• That’s good news! Maybe the snake didn’t find the pond on his own. He might have been dropped by in by a bird depending on how big it was.

  2. My fish are getting ulcers. They had them last year. I purchased a UV sterilizer and also treated the fish with Melafix and Pimafix. I thought over the winter the bacteria (or whatever causes ulcers) would disappear. About six of my comets have ulcers again. The koi have not been affected yet. I am treating my 3500 gal. pond with Melafix again. This is costing me a fortune. I have to find out what is causing this. Could you help me?..

    • Hi Jeanette – I’m sorry to hear that your fish have ulcers. Did the ulcers go away at all from last year? Here’s a blog article we did on fish diseases: How do I treat my pond fish for ich and other diseases?

      I would recommend the following course of action since it seems to be limited to your comets:
      – Set-up a quarantine tank for the comets. Make sure it has aeration.
      – Treat the fish in quarantine tank with KnockOut™ PLUS or MinnFinn™.
      – Leave the fish in the quarantine tank until the ulcers start to clear up. Remember, you will need to make sure there is aeration and do regular water changes to keep good water quality
      – Do a 25-50% water change on the main pond. Treat it with pond salt or KnockOut™ PLUS

      If you have additional questions, please feel free to respond here or give us a call at 866.766.3435.

  3. I have a pondless waterfall. The gentleman who installed it this year said to keep if turned off anytime we aren’t outside using it to save on pump life. Should pump life be more of a concern then the bacteria buildup since it’s not running constantly?

    • Hi Michelle – Most pumps are designed to run constantly without interruption. With pondless waterfalls, you can turn off your pump while you are not outside. We run our pondless features here at The Pond Guy from about 9am – 9pm.

  4. If I go away for a week in the summer, I have to shut down my waterfall because the water lever in the pond drops due to evaporation and the pump would just suck air. I have no one who can come in and add water.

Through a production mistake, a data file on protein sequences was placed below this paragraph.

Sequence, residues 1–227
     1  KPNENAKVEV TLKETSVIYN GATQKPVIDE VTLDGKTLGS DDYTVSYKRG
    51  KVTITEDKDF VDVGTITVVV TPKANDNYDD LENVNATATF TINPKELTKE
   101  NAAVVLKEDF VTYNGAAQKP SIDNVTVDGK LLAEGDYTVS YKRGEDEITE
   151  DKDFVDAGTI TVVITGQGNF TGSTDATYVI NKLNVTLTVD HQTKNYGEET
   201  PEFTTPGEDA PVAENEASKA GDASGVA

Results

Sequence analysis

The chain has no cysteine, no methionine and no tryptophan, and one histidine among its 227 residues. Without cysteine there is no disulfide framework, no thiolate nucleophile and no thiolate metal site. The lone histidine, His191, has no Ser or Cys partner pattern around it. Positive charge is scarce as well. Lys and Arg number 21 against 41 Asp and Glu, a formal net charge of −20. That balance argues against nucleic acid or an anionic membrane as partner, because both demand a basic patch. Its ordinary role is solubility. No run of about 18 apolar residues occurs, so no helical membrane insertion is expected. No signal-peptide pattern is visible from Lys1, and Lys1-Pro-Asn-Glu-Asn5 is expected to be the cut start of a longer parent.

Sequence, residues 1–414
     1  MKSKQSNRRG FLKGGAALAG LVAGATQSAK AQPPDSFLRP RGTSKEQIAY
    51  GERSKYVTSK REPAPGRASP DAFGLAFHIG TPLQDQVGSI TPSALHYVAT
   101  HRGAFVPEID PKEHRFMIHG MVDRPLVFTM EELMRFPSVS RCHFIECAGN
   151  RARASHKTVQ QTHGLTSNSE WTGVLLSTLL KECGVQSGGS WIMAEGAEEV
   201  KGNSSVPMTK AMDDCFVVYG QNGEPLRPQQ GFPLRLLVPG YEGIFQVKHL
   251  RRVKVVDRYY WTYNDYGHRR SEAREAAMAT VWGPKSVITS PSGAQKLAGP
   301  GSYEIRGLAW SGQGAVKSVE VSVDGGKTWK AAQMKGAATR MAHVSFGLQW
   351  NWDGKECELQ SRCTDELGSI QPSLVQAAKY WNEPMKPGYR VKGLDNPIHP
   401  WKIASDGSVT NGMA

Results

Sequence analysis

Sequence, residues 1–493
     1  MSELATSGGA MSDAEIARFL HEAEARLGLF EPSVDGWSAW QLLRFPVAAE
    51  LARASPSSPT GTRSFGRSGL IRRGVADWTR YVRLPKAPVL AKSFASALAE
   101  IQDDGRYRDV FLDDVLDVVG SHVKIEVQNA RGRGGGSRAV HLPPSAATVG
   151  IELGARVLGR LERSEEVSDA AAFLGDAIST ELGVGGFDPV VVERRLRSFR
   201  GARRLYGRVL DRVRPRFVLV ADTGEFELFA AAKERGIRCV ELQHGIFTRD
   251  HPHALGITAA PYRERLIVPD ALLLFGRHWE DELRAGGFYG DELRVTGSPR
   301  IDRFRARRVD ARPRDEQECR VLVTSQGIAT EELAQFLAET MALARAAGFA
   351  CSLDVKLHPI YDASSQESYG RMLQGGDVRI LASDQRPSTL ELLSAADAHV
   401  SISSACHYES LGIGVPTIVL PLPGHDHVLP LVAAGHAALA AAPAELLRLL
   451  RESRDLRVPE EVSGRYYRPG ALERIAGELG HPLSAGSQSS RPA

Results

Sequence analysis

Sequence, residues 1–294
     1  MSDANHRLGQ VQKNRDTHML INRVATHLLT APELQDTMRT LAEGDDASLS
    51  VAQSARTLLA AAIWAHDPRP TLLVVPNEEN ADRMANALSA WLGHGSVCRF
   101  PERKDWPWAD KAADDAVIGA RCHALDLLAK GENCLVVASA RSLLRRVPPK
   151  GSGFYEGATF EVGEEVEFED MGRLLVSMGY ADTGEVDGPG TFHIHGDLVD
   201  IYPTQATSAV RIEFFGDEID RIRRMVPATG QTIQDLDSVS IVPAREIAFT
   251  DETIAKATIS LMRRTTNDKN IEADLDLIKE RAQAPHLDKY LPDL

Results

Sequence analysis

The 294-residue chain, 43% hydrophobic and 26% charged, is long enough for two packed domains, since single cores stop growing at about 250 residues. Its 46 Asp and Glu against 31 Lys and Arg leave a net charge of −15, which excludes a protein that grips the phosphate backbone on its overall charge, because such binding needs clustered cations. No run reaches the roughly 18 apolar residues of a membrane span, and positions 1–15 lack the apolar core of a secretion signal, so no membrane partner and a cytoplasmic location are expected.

• Hi Joe – That sounds like an awful lot of water loss for a week of running a pump. Are you sure you don’t have a leak somewhere?

    • Doesn’t sound odd to me at all. My koi pond will run out of water in the pump box in two days. My auto-fill (looks like a toilet tank valve) was sticking. I thought I had a leak and dug up the entire return line before I figured this out.

  5. Another alternative, run a smaller pump running night time. Water fall during the daytime, turning off smaller while waterfall pump is operating

  6. I would never turn my waterfall off except in January & February due to ice jams and water loss. My fish have bred to the point where even with just a 6″ diffuser I would find the biggest ones floating the next morning if I turned off the waterfall. It’s always the biggest ones that go first when there’s an oxygen loss. I have added six 1200 GPH pumps to aerate with six foot sprays for an hour or so each day during July & August when the water is above 20C. If I run these sprays on the hot days I don’t find any floaters in my 1500 gallon tank. Anyone need some fish?

  7. This is not related but I need some help ASAp. I have two very large albino cat fish on my koi pond. I have had them for years. Recently the slightly bigger one has attacked and shredded the top of the head of the other. The smaller one now has a very nasty large hole on the top of it’s head. What is going on here? any answers. Also how can I humanly put down a pond fish?

    • Hi Kathy – It’s likely a result of spawning. Male catfish will fight each other during spawning season but they can also cause damage to female catfish during this time by pushing them against rocks, etc. The most humane way to kill a fish is to whack it in the head (against a pole, ground, with a hammer, etc.), but it needs to be hard.

  8. My waterfall and filter run 24/7/365. This is how I save in the long run.

  9. What if you dont have any fish….is it ok to turn off at night. I stopped adding fish because of the various critters in my natural habitat back yard thinking they had a sushi bar.

    • Hi Dawn – Without fish, it’s not as important but the part about biological filtration still stands. Anytime water isn’t flowing your biological filtration, you can lose bacteria that helps to keep the pond clean.